Trump later said that over dinner Comey begged for his job, a preposterous lie given Comey’s record. Trump also says Comey told him, three times no less, that he was not under investigation. There’s no reason to believe that, and Trump’s offered no proof at all, just his word for what that’s worth.
Comey’s friends and colleagues told reporters on background what James Clapper, former director of national intelligence and a retired three-star general, had aid publicly over the weekend: Comey thought it inappropriate to go to dinner with Trump, but advisers said he had little choice but to succumb to the summons from the president.
These friends say Trump twice demanded that Comey pledge his loyalty, which should horrify anyone with an eighth-grade-civics understanding of our Constitution.
At campaign rallies, Trump leads supporters in pledges of loyalty to him, an indication of Trump’s dictatorial instincts. Trump, in his 2008 book Think Big and in a profane 2005 lecture, detailed his insistence on absolute loyalty from subordinates and the pleasure he gets from destroying the lives of those who don’t demonstrate abject fealty.
Comey loyalists say the director pledged his honesty, which fits with Comey’s record, unlike the Trumpian version. Last week Trump Tweeted that Comey had better hope he doesn’t have tape recordings, raising more questions about Trump not just as bully, but perhaps as obstructor of justice trying to intimidate a witness and for sure seeking to muddy the waters about his and his entourage’s ties to Russians.
Comey, meanwhile, moved from weekly to daily briefings on the investigation into Trump camp connections to Moscow and its friends. He also asked for more prosecutors to work the case.
Comey’s request went to Rod Rosenstein, the deputy attorney general, because Attorney General Jeff Sessions said he had recused himself from any role in the inquiry because of his own work for the Trump campaign and his conversations with Kislyak.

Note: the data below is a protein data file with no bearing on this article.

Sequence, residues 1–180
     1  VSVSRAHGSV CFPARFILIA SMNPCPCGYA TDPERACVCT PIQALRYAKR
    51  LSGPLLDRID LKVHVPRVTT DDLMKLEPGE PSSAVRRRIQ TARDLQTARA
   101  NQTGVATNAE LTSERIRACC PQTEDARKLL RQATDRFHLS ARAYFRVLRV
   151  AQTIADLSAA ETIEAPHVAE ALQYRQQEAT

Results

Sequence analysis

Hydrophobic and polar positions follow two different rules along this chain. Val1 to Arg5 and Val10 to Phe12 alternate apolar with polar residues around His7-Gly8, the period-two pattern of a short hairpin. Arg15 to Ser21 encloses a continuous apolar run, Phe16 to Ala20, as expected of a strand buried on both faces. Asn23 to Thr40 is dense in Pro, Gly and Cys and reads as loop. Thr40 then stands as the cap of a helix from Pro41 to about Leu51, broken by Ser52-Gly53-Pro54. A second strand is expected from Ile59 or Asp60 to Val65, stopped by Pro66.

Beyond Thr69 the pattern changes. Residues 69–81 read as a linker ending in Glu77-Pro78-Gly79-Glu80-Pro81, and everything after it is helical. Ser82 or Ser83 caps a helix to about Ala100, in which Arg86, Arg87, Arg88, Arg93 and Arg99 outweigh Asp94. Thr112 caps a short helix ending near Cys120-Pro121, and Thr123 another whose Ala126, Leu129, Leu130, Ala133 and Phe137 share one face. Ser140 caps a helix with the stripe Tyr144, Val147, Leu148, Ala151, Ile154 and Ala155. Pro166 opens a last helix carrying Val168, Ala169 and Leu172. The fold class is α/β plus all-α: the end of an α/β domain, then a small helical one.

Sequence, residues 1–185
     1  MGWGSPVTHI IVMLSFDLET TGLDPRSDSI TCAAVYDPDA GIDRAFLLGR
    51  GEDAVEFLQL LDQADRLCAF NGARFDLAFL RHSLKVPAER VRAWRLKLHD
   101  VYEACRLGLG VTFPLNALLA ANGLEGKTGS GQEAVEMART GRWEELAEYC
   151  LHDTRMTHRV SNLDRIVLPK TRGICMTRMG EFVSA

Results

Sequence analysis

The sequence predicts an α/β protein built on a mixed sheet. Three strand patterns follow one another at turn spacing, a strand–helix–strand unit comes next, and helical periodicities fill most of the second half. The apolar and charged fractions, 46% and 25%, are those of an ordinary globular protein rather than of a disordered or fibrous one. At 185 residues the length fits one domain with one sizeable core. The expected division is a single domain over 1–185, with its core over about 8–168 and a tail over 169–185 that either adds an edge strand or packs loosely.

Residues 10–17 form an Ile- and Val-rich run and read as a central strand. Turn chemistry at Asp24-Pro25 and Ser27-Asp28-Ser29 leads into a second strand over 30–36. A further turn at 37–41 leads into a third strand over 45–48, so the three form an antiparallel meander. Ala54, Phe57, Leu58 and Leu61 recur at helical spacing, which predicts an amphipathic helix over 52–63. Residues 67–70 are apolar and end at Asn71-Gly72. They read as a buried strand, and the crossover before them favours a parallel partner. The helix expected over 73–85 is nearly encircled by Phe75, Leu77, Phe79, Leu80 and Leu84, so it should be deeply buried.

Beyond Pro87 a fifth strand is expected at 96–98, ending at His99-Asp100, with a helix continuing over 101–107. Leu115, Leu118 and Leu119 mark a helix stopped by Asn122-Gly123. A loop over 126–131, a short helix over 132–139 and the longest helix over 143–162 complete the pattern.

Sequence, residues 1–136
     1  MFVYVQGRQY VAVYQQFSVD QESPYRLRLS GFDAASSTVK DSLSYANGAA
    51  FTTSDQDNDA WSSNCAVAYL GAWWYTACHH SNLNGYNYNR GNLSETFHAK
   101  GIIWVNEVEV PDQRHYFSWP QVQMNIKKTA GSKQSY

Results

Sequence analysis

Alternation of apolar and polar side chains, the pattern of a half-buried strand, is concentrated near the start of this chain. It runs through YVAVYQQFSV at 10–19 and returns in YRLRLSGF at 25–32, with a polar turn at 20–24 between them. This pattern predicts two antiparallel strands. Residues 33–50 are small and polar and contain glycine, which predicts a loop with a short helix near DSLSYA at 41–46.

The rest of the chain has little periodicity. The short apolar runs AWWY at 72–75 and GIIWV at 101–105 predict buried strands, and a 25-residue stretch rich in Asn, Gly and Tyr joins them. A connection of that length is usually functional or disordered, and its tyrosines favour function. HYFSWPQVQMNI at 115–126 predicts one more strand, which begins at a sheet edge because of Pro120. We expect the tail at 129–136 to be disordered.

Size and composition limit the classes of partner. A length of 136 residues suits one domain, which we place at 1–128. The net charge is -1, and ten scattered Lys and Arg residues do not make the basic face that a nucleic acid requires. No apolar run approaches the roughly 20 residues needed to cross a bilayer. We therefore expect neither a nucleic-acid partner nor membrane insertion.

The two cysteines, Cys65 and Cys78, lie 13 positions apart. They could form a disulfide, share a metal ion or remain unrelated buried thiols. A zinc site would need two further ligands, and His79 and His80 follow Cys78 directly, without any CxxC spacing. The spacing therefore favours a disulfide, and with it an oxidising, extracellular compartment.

When Trump fired Comey last week, his White House issued both the dismissal letter and a Justice Department memo that placed the idea of firing Comey on Rosenstein.
That preposterous explanation drew derisive retorts, not the least because the White House seemed not to realize that it had outed its lie that Sessions had recused himself from all matters involving Trump and Russia by participating in the firing. Sessions is now deeply involved because he is interviewing potential new FBI directors.
Comey is eager to testify about the dinner, his surrogates told reporters, but only at a public hearing.
Just as troubling, Trump’s former campaign manager, Paul Manafort—who has not registered as a foreign agent—was paid tens of millions of dollars to promote Russia and pro-Russian Ukraine before the Kiev government was overthrown.
Trump, keep in mind, has pocketed hundreds of millions of dollars from real estate deals with Russians. Yet he insists any mention of him and Russia is fake news.
Next, Trump confessed to Lester Holt of NBC News that he intended to fire Comey all along and the Justice Department memo served as mere cover. That means that Sean Spicer and Laura Huckabee Sanders lie to the public as easily as Trump does. And it means Rosenstein, who was U.S. Attorney in Baltimore, got played by Trump in his initial appearance on the national political stage.
Trump and the Justice Department memo said they needed to restore confidence in the FBI, asserting Comey was disliked by agents. Numerous FBI agents, current and past, have stepped forward to say that is nonsense.
Then came The Washington Post’s report Monday that Trump had given extremely tightly held secrets to the Russian government.
H.R. McMaster, the retired general who succeeded Flynn as national security adviser, stood outside the White House Monday and read a statement denying what was not reported and remaining silent on the damning news that had been reported. Tuesday, he said his issue wasn’t the facts of the report, but its context but refused to talk about that context because it involved highly classified materials. And, the kicker, that Trump himself didn’t know the material was so secret when he spilled about it—fulfilling Israeli intelligence officials’ fears as early as January.
Sometimes presidents and their advisers must lie. That is a reality in our world. But Trump and his seconds—including Spicer, Sanders and now McMaster— all told gratuitous lies that can serve only one purpose: to cover up the indefensible conduct of the president in obstructing the FBI counterintelligence investigation and his reckless disclosure of super-secret information to the hostile government in Moscow.
How much clearer can the picture be of what is really going on here, that America has a president who is contemptuous of the Constitution, compromised by the Russians and willing to try any lie to hang onto power?
The next encyclopedia should include a photo of Trump. It should go next to the entry on “clear and present danger.”